Persons with disabilities

The promotion rate of the persons with disabilities group in the public service is 6.6% for women and 5.2% for men. The average age of women with disabilities is 48, compared to 49 for men. Close to three quarters (73.3%) of women with disabilities identified English as their first official language, compared to 79.2% of men. The proportion of women with disabilities who hold bilingual positions in the public service is 39%, compared to 30% of men. Over 40% of persons with disabilities hold positions in the NCR (46.8% for women and 43.1% for men).

Recruitment is not the only factor contributing to the representation of persons with disabilities in the public service. Persons with disabilities tend to identify themselves as members of this EE group after being hired as public servants, rather than when they are recruited. An estimated 25% of persons with disabilities report being members of this EE group in the two years following their hiring; the other 75% report being members of this group sometime during the remainder of their career. One third of all persons with disabilities identify themselves as members of this EE group after 15 or more years of service.

Women not belonging to another employment equity group

Women not belonging to another EE group in the public service have a promotion rate of 9%, compared to 8.2% for men not belonging to an EE group. The average age of women is 43, compared to 44 for men. Some 62.9% of women identified English as their first official language (compared to 69.3% for men). Close to half of the women (47.3%) hold bilingual positions in the public service, compared to 37.2% of the men.The proportion of women who hold positions in the NCR is 48%, compared to 42.3% for men.

Promotions of employment equity members

A binary logistic regression model (promotion versus non-promotion) was used to estimate the annual chances of promotion for employees holding indeterminate positions, or specified term positions of 6 months or longer, on July 1, 2010.Footnote2 For each EE group, a null hypothesis was constructed that “there is no difference in the promotions” for EE group members compared to their respective comparison groups, that is, men and women who do not belong to an EE group.

The comparisons are based on the significance of odds ratios. In this study, the odds ratio measures the relative probability that an EE group receives a promotion, compared to the relative probability of the comparison group receiving one. An odds ratio of 1.0 indicates with certainty that there is no difference in the chances of promotion between the groups compared. Unless otherwise indicated, the results have a significance level of 1%.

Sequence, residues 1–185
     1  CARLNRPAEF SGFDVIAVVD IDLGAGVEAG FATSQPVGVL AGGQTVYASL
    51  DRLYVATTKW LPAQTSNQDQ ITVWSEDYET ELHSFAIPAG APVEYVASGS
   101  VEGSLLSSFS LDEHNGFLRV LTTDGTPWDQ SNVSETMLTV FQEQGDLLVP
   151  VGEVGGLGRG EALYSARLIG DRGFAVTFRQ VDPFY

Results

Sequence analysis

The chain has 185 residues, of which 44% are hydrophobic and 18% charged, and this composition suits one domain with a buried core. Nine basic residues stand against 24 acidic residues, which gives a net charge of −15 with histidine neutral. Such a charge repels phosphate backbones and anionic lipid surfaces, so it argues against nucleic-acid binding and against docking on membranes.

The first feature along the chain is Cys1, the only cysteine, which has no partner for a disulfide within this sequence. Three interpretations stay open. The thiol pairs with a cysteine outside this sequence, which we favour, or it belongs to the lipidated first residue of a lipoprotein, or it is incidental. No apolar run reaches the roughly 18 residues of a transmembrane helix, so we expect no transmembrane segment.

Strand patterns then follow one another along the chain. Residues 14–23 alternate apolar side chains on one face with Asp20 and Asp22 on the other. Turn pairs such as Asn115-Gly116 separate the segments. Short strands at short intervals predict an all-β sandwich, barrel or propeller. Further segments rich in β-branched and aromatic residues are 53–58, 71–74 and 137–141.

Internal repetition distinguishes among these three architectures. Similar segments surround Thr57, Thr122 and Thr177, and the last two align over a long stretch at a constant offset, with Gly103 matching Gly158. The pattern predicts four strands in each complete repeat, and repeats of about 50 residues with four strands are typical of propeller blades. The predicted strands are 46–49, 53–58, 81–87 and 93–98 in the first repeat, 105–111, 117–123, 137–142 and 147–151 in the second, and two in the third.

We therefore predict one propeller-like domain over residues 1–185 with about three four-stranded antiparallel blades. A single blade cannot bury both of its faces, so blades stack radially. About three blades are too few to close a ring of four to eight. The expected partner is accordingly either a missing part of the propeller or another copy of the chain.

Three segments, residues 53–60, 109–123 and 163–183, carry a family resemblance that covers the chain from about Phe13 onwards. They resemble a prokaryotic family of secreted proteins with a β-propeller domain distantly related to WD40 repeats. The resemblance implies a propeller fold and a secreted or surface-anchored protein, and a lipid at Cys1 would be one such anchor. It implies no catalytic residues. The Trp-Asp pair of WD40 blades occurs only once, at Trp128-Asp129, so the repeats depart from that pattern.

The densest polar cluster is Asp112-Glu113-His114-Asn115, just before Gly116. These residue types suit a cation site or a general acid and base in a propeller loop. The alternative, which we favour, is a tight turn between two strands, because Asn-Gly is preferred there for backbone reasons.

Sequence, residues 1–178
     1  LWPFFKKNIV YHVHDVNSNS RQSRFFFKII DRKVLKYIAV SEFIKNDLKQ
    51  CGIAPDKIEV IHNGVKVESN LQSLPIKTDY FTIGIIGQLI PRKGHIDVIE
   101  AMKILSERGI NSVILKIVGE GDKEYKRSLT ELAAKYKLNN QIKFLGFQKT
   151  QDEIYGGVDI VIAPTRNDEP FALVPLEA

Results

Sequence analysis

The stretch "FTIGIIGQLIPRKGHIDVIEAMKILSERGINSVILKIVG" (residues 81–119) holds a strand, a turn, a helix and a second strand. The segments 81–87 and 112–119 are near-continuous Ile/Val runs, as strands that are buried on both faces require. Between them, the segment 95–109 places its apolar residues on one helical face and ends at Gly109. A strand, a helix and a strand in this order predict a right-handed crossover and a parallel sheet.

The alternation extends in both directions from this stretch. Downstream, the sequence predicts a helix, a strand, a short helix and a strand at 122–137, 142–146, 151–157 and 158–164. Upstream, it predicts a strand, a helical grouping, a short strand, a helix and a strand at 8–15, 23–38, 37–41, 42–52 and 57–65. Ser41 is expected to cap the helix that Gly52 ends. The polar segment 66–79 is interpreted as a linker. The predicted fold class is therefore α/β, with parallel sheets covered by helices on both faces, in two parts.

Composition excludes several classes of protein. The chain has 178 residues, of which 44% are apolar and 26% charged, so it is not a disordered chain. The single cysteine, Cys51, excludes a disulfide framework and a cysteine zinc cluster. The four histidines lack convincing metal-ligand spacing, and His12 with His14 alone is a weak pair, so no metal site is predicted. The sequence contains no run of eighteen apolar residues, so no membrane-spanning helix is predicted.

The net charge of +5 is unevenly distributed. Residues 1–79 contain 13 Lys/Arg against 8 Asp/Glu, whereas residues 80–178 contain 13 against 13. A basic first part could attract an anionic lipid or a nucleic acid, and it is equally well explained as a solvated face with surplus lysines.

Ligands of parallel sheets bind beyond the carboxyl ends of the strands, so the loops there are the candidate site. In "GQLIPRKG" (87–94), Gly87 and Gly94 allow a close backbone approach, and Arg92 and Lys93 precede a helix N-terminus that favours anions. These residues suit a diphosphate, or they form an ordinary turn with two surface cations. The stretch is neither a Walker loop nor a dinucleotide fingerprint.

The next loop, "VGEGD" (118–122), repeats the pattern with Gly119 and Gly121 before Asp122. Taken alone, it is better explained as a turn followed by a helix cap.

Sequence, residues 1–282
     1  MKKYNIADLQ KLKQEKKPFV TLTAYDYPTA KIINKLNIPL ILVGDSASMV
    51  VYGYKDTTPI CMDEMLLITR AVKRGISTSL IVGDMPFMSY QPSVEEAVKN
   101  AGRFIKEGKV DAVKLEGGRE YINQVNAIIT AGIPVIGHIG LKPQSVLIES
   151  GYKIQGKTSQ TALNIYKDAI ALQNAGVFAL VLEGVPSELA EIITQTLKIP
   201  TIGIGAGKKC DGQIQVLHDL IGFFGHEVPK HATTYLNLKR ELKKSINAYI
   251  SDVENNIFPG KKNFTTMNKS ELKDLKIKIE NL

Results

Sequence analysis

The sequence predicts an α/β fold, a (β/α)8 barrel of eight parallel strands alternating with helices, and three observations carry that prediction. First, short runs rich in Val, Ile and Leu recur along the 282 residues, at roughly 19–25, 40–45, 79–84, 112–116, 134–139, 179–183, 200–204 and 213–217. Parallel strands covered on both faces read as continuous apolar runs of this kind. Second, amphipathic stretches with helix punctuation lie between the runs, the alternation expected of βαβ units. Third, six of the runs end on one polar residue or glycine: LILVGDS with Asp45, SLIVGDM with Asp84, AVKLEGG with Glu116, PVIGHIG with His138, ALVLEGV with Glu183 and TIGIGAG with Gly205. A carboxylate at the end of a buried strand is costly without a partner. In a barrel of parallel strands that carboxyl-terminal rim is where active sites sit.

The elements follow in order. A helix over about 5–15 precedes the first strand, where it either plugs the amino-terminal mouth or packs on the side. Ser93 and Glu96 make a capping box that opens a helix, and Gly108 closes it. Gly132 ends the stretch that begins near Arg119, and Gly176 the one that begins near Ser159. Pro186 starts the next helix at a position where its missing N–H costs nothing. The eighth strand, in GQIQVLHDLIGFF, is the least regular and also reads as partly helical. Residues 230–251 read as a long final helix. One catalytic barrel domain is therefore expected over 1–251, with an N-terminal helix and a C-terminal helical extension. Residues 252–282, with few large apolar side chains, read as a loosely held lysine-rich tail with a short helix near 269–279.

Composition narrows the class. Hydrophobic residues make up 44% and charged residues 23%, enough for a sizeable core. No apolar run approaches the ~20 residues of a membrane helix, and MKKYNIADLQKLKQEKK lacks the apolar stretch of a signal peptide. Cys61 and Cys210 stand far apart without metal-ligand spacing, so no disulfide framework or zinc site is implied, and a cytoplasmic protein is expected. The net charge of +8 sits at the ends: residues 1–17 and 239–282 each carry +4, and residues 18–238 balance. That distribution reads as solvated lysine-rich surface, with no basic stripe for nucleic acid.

Other than EE status, this model accounts for (controls for) the impact of first official language, language requirements of the position, region of the current position, years of service in the substantive position and starting salary in the public service. This last consideration acts as a control variable representing the conditions of employment at the career outset, for example, employability. The organization and professional group of each employee on July 1, 2010, were also taken into consideration to measure the institutional effects on chances of promotion.

The analysis is based on hypotheses constructed to compare the chances of promotion of the following groups:

  • Aboriginal men, men with disabilities and men who are members of visible minorities compared to men who do not belong to an EE group;
  • Aboriginal women, women with disabilities and women who are members of visible minorities compared to women who do not belong to an EE group; and
  • Women and men who both do not belong to an(other) EE group.

Results

The analysis suggests that Aboriginal men and women have similar chances of promotion to their respective comparison groups.

Men and women with disabilities have fewer chances of promotion than their respective comparison groups. The odds ratio is 0.61 for men and 0.72 for women.

Men who are members of visible minorities have greater chances of promotion than their comparison group; women who are members of visible minorities have fewer chances of promotion than their comparison group. The promotion odds ratio for men who are members of visible minorities is 1.10; the ratio for women is 0.94.

Women who do not belong to another EE group and men who do not belong to an EE group have similar chances of promotion.

A summary of the results is presented in Figure 1Footnote3. The triangles in the Figure show the estimated odds ratios. A ratio above 1.0 indicates that the designated EE group has greater chances of promotion than the comparison group. Inversely, a ratio below 1.0 means that the designated EE group has fewer chances of promotion than the comparison group. For example, an odds ratio of 0.90 indicates that the group analysed has 10% (0.9 - 1= -0.10) less of an opportunity for promotion than the comparison group. Inversely, an odds ratio of 1.20 means that the group analysed has 20% more opportunity for promotion (1.20 - 1 = 0.20) than the comparison group.